The Rotterdam Market Hall, scheduled to open this October, will be the first open-concept food market in the Netherlands. The building is a horseshoe-shaped arch with a one of a kind ceiling that has been called the "Sistine Chapel of Rotterdam". With the help of Wasatch SoftRIP, TS Visuals took on printing the artwork for this spectacular ceiling.
Sistine Chapel of Rotterdam
The Rotterdam Market will feature unique fresh produce stands, food markets, cafés, a cooking school, and over 200 apartments. The 11,000 square meter piece of art will cover the unique arch-shaped ceiling and will be visible throughout the entire market. TS Visuals teamed up with Dutch artist, Arno Coenen, for the artwork, 'Horn of Plenty', which gives off an illusion that one is looking through the hall to heaven with produce and flowers descending to earth.
Creating a masterpiece this size is no easy task. The hall's ceiling was put together with a series of sublimatedmetal panels. The metal panels and coating were designed by TS Visuals. Each panel is lightweight and bendable with a high gloss coating that has anti-graffiti properties and is scratch resistant. For the hall, the metal panels were perforated for sound-dampening properties. A total of 4,000 panels were sublimated, each with a unique high-resolution image. Many panels were bent to accommodate the arch of the hall, giving an almost 3D effect to the art.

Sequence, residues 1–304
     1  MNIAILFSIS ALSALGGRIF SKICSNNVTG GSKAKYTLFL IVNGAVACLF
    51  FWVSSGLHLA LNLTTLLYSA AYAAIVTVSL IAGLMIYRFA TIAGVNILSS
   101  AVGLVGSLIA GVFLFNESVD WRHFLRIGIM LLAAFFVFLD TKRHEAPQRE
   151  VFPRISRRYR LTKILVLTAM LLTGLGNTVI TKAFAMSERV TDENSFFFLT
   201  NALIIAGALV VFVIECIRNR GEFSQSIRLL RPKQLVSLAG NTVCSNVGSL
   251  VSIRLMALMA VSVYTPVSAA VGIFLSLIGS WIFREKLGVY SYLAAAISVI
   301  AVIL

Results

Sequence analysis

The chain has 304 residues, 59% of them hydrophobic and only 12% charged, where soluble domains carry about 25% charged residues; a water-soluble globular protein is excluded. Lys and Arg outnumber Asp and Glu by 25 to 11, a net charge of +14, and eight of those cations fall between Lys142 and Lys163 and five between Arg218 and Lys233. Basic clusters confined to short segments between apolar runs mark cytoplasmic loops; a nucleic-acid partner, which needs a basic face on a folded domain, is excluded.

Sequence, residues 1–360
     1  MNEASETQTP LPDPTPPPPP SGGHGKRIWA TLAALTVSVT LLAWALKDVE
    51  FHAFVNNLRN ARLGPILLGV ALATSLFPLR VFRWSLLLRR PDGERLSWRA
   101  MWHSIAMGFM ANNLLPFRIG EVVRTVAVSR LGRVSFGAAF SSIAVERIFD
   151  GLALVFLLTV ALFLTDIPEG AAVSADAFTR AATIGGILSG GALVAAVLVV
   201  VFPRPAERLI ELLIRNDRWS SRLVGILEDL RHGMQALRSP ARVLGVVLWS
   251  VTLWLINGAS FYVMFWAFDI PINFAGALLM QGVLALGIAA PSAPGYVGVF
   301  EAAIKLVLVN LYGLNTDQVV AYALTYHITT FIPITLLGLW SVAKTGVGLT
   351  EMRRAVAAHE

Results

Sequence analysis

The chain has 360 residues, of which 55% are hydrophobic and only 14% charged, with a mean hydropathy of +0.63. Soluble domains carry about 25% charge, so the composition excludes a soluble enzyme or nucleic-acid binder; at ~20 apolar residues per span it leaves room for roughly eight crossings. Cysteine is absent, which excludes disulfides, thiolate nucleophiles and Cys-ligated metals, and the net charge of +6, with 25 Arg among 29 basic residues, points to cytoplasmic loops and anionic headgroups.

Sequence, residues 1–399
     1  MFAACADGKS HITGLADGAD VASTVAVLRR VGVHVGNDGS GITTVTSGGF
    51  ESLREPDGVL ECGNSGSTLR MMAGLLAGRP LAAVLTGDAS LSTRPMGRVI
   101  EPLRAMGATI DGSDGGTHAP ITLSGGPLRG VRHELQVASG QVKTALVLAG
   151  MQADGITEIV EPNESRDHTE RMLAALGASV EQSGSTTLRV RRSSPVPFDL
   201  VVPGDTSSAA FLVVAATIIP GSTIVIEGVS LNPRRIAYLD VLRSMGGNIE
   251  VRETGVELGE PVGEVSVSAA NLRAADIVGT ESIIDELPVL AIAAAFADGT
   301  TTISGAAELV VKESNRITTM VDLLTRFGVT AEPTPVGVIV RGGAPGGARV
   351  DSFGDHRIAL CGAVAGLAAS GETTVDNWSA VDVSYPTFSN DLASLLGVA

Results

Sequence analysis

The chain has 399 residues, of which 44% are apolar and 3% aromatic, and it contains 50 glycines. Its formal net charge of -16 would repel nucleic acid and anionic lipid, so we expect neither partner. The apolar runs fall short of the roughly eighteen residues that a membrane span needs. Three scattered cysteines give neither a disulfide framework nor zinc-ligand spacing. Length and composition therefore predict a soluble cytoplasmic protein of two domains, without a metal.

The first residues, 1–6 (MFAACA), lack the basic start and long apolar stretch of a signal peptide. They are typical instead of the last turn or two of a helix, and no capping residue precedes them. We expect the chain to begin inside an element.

With a project this size, it is crucial that TS Visuals was able to achieve color consistency with every panel they sublimated. Wasatch SoftRIP's color management features gave them the ability to achieve this. With SoftRIP'sColor Atlas Generator and Spot Color Replacement, TS Visuals was able to match spot colors and easily reproduce the desired color on the metal panels. The end result is accurate, high quality color. "SoftRIP is reliable and gave us the tools we needed to print the desired color every time with no troubles," says Vincent Post, Commercial Advisor for TS Visuals.
Using SoftRIP's tiling tools, TS Visuals was able to easily divide the oversized artwork for printing on the individual metal panels. After the selected artwork is tiled, Vincent used SoftRIP's Smart Nesting tools to maximize the print layout of the tiled image. And by adding crop marks and annotations to all tiled images, they were able to save time and avoid possible confusion when transferring the image. "The tiling and nesting features in SoftRIP saved us a lot of time and is so simple to use," says Vincent.